Next we need a faces-config.xml file. Expand the Web Pages node and then the WEB-INF node. Next right click the WEB-INF node and select New ->  XML Document. If XML Document cannot be selected from the list, select Other and then search for XML document under the XML node. Name the new file “faces-config” (without the quotes, but also without the .xml extension) and finish the wizard. Replace the entire contents of the file with this

<faces-config version="1.2"

Note that the necessary lines to initiate and use the FaceletViewHandler already have been added. Next some modifications need to be made to web.xml for Facelets to operate correctly. I suggest you now add these lines to web.xml

    <!-- Use Documents Saved as *.xhtml -->

    <!-- Special Debug Output for Development -->

    <!-- Faces Servlet -->
        <servlet-name>Faces Servlet</servlet-name>

    <!-- Faces Servlet Mapping -->
        <servlet-name>Faces Servlet</servlet-name>

Basically, these lines specify that our JSF pages should have the .xhtml suffix, that we’d like to get some Facelets debugging output, what class our Faces Servlet is and which URL pattern should be caught by that Faces servlet. In short, browsing to, say, http://localhost:8280/MavenEnterpriseApplication-war/index.jsf will make the Facelets servlet process index.xhtml and render its output.

Add a backing bean

Before we add a Facelets page we need a backing bean to fetch data from our local session bean. This bean will fetch the number of Employees in our company from the local session bean and provide a getter for our future Facelets page. a very dull application, but it suffices for the purpose of this article. This bean simply could look like this

package nl.amis.maven.jsf.beans;

import javax.ejb.EJB;
import nl.amis.maven.enterprise.ejb.session.DataLocal;

public class NumberBackingBean {
    private int numberOfEmployees;

    @EJB DataLocal dataLocal;

    public int getNumberOfEmployees() {
        return dataLocal.countEmployees();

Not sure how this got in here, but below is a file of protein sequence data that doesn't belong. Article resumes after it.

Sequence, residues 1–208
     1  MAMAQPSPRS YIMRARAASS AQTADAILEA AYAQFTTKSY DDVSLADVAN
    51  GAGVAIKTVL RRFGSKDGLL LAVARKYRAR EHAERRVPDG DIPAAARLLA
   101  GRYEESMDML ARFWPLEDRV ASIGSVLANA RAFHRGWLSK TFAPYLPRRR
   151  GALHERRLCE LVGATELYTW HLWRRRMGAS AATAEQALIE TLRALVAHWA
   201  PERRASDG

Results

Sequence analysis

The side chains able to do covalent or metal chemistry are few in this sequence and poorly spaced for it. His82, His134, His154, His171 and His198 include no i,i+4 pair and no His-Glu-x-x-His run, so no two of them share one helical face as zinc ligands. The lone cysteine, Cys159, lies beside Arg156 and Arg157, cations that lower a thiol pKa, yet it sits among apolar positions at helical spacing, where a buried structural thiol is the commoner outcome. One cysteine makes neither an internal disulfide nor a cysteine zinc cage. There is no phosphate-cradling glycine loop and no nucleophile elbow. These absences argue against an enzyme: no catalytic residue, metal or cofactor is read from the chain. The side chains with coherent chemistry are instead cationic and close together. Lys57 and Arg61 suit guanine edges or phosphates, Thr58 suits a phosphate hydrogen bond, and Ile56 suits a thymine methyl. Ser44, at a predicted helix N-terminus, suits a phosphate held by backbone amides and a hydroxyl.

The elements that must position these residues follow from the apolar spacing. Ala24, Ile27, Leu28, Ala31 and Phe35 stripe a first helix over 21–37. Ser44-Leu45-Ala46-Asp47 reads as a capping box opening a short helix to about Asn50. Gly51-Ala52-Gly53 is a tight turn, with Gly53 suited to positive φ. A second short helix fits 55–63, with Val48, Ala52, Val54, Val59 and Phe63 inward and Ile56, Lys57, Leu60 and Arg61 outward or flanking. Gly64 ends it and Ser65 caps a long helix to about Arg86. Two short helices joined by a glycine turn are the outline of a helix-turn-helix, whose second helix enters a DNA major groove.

public void setNumberOfEmployees(int numberOfEmployees) {
        this.numberOfEmployees = numberOfEmployees;


These lines in faces-config.xml will register the bean in the JSF context


these lines tell JSF to initiate and make available an instance of nl.amis.maven.jsf.beans.NumberBackingBean under the name NumberBackingBean.

Add a Facelets page

Facelets pages can be very simple, or very complex. In this case, we will create a simple Facelets page. The idea is to invoke the getNumberOfEmployees method in our NumberBackingBean bean and display the return value in a browser. Create a new XHTML file by right clicking the Web Pages node and selecting New -> Other. The XHTML type can be found under the Web node. Simply name the file “index” (without quotes and without the .xhtml extension) and make sure it gets created in the src/main/webapp directory in your project. Replace the contents of the file with

<!DOCTYPE html PUBLIC "-//W3C//DTD XHTML 1.0 Transitional//EN" "">
<html xmlns=""
        The number of Employees is #{NumberBackingBean.numberOfEmployees}.<br/>

Finally, Clean and Build your application and then execute the exec:exec goal on the EAR module. Browse to e.g. http://localhost:8280/MavenEnterpriseApplication-war/index.jsf and see something like this:


Setting up Hibernate and Facelets with Maven isn’t very hard. For me, the hardest part was to figure out what Maven repository to use. JBoss have their own repository at but jars for e.g. hibernate can be found at several places and the latest versions seem to be missing. If anyone can tell me the use of this repository then please drop me a line.

My next goal will be to be able to build Seam projects with Maven in Netbeans and deploy them to Glassfish. Stay tuned!

About Post Author

Wouter van Reeven

Wouter is Java consultant at AMIS
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6 thoughts on “Combining Hibernate and Facelets with Maven, Netbeans and GlassFish

  1. Yes I have investigated the Facelets plugin as well and I am anxious to know when or if this plugin will become available. In re your remarks about code completion: code completion works with XML files as well. I don’t know anything about code completion in jspx files though. It’s a nice suggestion and I’ll have a look at it. Wouter

  2. Thanks for the clarification. I noticed there is a Facelets pluging for NetBeans that offers tag completion, but as far as I know it hasn’t been ported to NetBeans 6. When (if?) it is ported it would be nice to find out if it works for Maven projects.

    In the meantime, Facelets works with jspx files, I know NetBeans JSP completion works fine with Maven projects, perhaps using Facelets with jspx (as opposed to XHTML) can be used as a workaround.

  3. David,

    I just opened my example projects and Netbeans won’t perform code completion on either Facelets or JavaServer Faces tags. I also have a project in which I have registered the Facelets jar as a library (instead of via Maven) and in that project Netbeans won’t perform code completion either.

    Greets, Wouter